A balance sheet shows what a company owns (assets) and owes (liabilities) at a specific point in time. It typically includes sections describing all assets, including short-term items like cash and accounts receivable, and long-term assets such as property, plant and equipment. It also includes a section for all liabilities and another for shareholder equity.
Assets include everything that a company owns that adds value to the business, such as cash, property and accounts receivable. It also includes intangible assets such as intellectual property and goodwill. Liabilities include what a company owes to others, such as taxes, payroll and mortgages. It also includes long-term debt and shareholders’ equity.
Assets are typically grouped into current and noncurrent assets on a balance sheet. Current assets are those that can be turned into cash within a year and include marketable securities, inventory and accounts receivable. Noncurrent assets are those that can’t be converted into cash in a year or less, such as property and equipment.
Regardless of how they are grouped, all assets are reported on a company’s balance sheet at cost, not market value. This is because costs are typically more accurate and less biased than market values. However, there are some areas where professional judgement may affect the figures posted to a balance sheet. For example, depreciation and inventories are subject to subjective interpretation and estimation.
The liabilities section of a balance sheet explains everything that your company owes to others. It can include a future sacrifice of economic benefits or an unsettled obligation from previous transactions. These include short-term and long-term debt, as well as contingent liabilities.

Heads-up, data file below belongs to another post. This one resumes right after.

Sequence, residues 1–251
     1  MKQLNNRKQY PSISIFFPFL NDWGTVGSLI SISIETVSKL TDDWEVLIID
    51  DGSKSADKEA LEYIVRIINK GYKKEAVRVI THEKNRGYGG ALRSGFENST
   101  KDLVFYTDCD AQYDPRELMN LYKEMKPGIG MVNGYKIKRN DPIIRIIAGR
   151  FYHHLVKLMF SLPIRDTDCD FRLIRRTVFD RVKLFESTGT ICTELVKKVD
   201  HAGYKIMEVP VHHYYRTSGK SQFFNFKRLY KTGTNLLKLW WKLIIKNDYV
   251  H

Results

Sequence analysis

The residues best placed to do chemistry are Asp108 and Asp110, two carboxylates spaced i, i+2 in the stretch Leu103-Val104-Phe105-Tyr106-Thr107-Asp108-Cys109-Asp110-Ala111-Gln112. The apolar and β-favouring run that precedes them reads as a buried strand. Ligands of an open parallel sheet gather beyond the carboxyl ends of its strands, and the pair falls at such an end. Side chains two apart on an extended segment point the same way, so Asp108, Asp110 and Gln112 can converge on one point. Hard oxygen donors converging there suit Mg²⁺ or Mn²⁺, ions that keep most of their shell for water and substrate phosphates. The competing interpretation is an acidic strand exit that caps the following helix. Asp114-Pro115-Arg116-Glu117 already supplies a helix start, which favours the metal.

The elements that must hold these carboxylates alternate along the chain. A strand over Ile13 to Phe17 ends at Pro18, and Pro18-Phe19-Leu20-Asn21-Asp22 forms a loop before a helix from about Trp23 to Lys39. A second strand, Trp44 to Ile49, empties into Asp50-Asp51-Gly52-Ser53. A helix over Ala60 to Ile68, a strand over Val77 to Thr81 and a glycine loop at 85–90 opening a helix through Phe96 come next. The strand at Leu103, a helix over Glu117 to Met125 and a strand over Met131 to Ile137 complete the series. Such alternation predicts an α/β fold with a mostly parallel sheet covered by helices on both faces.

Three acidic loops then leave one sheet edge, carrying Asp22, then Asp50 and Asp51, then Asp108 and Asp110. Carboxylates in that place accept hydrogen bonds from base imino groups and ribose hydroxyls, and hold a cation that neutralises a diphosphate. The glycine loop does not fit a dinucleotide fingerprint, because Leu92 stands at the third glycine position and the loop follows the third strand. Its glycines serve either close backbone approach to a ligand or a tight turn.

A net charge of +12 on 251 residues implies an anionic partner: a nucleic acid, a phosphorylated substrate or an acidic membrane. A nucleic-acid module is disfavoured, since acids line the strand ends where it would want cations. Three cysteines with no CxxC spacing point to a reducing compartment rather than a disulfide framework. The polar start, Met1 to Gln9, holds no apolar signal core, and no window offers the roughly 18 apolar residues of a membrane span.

Current liabilities are those that will need to be paid back within one year, and they usually consist of accounts payable, taxes and a number of other items your business needs to run its operations. Larger companies might also list bank debt that will mature in a few years under this line item, as a way to finance part of their ongoing long-term operations.
Contingent liabilities are future pay-outs, such as a lawsuit or product warranties that might have to be settled at some point in time. This is not required under IFRS but is likely to be common for privately held companies. It’s also common for leased assets to be recorded as both an asset (Right of Use) and liability (present value of future lease payments). The total of all liabilities is calculated by adding up all short-term and long-term liabilities, as well as any contingent liabilities.
Shareholder’s equity represents the residual value of assets that remain after subtracting liabilities. It is one of three critical balance sheet items along with the statement of cash flow and the statement of retained earnings. This concept is important when making investment decisions and determining whether the company has enough stability to take on additional debt. A positive stockholder’s equity is indicative of growth and profitability if the company does not carry too much debt. A negative stockholder’s equity, however, could indicate a bankruptcy in the future.
The shareholder’s equity is calculated as total assets minus total liabilities, and can be found on the balance sheet in the capital section. It consists of contributed capital, common stock and retained earnings less treasury shares. Contributed capital includes the initial investments in the business. Retained earnings represent accumulated profits from previous years, minus dividends paid to shareholders. Treasury shares are repurchased shares and must be deducted from the shareholders’ equity to reveal the true residual ownership in the business. Bilanz Hattingen